- Technological innovations: Application of advanced mathematical modelling and artificial intelligence techniques has enabled our group to achieve non-invasive monitoring of intradialytic blood pressure using pressure sensors placed on the dialysis lines. A key innovation was the ability to filter out the impact of the dialysis machine peristaltic pumps to estimate arterial pressure transmitted to the fistula. We will build on this technology further by using artificial intelligence techniques to predict episodes of IDH in real time.
Patient experience, quality of care and quality of life:
- Making the leap into personalised medicine: This innovation represents a substantial step forward in developing personalised delivery of haemodialysis. Continuous non-invasive monitoring of blood pressure will enable dialysis to be tailored specifically to the haemodynamic responses of an individual patient to help prevent IDH, reduce intradialytic symptoms and improve patient experience.
People on dialysis represent an extremely vulnerable group due to an associated high symptom burden, largevnumber of comorbid conditions and poor long-term survival. In addition, the treatment burden associated with having to attend the dialysis unit three times per week for four hours in considerable. Moreover, many patients report feeling very tired or unwell after haemodialysis, often to the point of requiring them to rest for the remainder of the day. These post-dialysis symptoms likely result from intradialytic hypotension (IDH) and the resultant organ ischaemia.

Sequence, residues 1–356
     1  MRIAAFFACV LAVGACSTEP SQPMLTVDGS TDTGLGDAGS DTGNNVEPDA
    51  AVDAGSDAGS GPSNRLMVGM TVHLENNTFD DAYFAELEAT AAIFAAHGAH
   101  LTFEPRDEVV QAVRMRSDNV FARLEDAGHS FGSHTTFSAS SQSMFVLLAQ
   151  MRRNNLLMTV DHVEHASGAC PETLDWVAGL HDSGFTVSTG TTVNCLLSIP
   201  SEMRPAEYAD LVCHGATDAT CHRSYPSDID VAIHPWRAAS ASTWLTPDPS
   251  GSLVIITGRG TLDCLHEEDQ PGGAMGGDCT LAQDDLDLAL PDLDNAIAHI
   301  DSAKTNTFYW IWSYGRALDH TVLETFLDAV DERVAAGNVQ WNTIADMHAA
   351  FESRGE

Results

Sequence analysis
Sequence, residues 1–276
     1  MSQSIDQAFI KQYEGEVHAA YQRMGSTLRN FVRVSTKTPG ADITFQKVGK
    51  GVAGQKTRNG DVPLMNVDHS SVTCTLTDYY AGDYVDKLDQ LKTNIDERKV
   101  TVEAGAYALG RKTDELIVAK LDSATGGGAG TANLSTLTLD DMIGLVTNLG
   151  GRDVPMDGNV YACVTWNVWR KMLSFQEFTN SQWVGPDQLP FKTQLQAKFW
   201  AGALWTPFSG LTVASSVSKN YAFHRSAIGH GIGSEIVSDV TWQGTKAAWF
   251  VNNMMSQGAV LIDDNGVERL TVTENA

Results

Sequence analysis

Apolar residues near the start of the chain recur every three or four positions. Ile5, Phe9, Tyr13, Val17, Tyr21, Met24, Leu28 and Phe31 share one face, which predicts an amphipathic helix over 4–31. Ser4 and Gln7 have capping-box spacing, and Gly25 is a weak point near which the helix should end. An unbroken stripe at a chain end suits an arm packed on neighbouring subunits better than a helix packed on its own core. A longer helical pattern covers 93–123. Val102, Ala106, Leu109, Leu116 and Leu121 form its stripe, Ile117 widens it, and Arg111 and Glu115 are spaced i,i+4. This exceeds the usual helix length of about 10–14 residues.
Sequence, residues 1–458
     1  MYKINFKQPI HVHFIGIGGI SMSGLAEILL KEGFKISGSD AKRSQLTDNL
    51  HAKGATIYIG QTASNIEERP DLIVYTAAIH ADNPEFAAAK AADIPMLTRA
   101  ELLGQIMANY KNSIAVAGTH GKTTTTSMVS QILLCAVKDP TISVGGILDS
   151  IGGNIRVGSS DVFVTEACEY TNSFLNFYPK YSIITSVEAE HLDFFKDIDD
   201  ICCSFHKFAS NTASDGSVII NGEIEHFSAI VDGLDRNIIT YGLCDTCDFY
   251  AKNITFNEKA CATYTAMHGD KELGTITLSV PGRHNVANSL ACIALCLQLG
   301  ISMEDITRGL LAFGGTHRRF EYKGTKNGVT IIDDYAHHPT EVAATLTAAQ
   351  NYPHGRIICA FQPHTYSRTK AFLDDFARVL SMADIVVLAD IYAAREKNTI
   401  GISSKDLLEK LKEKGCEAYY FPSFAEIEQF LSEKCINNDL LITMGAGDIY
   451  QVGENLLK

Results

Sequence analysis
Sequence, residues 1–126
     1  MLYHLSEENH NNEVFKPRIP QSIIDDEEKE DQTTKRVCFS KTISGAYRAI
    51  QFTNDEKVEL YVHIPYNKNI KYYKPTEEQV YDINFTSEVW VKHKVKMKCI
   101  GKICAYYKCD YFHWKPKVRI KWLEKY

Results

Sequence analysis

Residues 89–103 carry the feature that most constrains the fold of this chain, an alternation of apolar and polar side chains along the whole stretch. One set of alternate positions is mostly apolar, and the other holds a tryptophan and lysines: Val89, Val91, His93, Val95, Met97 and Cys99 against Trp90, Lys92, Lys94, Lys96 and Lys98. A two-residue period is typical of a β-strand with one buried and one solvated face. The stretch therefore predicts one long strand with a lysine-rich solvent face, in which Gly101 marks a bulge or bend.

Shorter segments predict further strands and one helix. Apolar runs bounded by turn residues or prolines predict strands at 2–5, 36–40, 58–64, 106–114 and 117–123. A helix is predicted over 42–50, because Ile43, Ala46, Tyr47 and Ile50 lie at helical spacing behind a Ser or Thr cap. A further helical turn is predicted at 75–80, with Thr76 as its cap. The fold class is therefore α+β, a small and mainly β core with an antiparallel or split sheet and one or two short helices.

It is important to note that only a minority of people on dialysis are suitable for a kidney transplant because many are excluded due to advanced age and/or comorbid conditions that place them at high risk of peri-operative and post-transplant complications. These people face the rest of their lives on dialysis and therefore, poor quality of life. The proposed project will seek to address this unfortunate health inequality by developing technology to predict and prevent IDH and the associated organ ischaemia. This affords the prospect of providing haemodialysis in a manner tailored to each patient’s physiological response to minimise unpleasant intradialytic symptoms and reduce comorbidity. Following this project we will seek to test several interventions to be used with the DIAMONDS technology to prevent IDH. This will lead to a funding application to conduct a large clinical trial to investigate the benefits of our approach on patient quality of life and survival.